Much research over the last twenty years has documented the difficulties that students encounter when reasoning about and interpreting rates of change1, 2, 3. The complexity of such reasoning has proven difficult for high achieving undergraduate mathematics students4 and students studying physics5, 6. To reason about rates of change, students must be able to simultaneously attend to both the changing values of the outputs of a function and changing values of the inputs to the function7, 8. In addition, students must be able to distinguish between the values of the outputs of a function and the values of the function's average rate of change over subintervals of the domain. When reasoning about changing phenomena, students often confuse these two quantities1, 2, 9 . Furthermore, students have difficulty in distinguishing between the amount of change in a function's output value over a subinterval and the average rate of change of the function over that subinterval. To meaningfully interpret the graph of a function that represents two quantities that co-vary, students need to be able to simultaneously attend to and distinguish among three quantities: the value of the output of a function, the change in the values of the function's output over a subinterval, and the change in values of the input to the function. Reasoning about the latter two quantities is a foundational understanding for average rates of change in pre-calculus and instantaneous rates of change in calculus.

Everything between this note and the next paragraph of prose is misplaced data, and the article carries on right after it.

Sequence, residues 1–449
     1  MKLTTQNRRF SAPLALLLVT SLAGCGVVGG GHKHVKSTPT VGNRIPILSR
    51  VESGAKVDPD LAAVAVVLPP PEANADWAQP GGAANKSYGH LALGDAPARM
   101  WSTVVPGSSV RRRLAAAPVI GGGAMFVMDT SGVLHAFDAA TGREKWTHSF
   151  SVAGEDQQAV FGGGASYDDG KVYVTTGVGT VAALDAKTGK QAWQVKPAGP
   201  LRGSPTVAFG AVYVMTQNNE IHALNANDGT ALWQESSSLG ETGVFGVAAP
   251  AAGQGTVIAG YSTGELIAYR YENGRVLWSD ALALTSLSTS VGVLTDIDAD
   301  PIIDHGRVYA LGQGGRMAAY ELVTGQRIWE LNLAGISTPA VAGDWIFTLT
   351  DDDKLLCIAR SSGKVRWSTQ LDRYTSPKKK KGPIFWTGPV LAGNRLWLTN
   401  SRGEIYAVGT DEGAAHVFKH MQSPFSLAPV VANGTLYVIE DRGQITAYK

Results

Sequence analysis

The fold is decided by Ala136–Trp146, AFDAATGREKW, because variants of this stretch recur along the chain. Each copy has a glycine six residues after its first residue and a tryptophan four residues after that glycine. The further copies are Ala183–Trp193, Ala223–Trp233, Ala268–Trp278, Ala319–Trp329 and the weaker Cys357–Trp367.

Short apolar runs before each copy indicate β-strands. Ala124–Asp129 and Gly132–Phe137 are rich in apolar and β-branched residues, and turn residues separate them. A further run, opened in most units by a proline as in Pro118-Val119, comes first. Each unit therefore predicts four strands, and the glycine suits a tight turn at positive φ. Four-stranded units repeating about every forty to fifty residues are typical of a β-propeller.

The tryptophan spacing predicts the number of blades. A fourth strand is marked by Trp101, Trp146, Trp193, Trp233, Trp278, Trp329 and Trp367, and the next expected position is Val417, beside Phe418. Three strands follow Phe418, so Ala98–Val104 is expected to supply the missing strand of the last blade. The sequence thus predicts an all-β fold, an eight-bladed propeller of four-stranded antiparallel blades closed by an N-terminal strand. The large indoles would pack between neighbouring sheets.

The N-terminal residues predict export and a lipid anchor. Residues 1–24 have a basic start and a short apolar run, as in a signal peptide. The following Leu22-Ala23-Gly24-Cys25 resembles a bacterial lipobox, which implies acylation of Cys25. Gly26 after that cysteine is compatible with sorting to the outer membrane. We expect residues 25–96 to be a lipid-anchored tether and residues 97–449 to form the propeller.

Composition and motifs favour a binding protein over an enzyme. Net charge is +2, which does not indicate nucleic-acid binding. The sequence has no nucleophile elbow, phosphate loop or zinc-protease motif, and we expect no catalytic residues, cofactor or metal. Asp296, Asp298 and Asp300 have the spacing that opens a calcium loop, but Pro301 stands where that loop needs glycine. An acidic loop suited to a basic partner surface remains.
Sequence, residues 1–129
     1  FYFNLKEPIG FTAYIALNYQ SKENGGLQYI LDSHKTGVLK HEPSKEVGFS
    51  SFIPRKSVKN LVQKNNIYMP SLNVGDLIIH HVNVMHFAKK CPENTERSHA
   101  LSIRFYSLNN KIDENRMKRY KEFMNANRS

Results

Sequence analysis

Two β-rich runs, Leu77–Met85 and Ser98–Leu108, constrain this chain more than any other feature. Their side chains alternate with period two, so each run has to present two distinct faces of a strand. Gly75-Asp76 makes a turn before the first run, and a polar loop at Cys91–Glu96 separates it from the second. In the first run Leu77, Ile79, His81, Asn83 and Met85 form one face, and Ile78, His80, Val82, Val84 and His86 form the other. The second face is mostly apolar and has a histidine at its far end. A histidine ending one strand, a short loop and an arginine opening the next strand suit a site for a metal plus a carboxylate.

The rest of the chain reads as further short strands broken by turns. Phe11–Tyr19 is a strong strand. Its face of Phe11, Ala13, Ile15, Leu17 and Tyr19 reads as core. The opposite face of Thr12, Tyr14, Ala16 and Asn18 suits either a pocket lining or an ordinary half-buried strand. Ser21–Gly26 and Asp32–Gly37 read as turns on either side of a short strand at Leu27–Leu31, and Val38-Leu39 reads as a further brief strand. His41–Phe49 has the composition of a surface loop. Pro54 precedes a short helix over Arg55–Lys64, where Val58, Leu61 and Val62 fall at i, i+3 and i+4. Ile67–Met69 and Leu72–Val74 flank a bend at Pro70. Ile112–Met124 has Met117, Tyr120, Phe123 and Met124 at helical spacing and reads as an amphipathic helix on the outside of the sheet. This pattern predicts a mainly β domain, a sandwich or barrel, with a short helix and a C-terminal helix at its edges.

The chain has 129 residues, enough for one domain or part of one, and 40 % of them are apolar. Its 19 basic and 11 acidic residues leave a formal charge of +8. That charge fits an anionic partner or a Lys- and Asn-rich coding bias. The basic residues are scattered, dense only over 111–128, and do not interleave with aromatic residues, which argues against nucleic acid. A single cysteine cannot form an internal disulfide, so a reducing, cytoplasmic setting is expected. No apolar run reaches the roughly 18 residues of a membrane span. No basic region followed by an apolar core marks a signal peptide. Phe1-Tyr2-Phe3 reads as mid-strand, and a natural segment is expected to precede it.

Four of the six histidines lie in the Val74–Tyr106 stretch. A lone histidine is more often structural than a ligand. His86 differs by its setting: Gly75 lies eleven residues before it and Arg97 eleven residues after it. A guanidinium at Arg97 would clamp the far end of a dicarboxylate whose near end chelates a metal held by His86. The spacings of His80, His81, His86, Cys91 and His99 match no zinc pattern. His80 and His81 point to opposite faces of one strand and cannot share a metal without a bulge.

|Published - 2013
|120th ASEE Annual Conference and Exposition - Atlanta, GA, United States
Duration: Jun 23 2013 → Jun 26 2013
|120th ASEE Annual Conference and Exposition
|6/23/13 → 6/26/13
ASJC Scopus subject areas
- General Engineering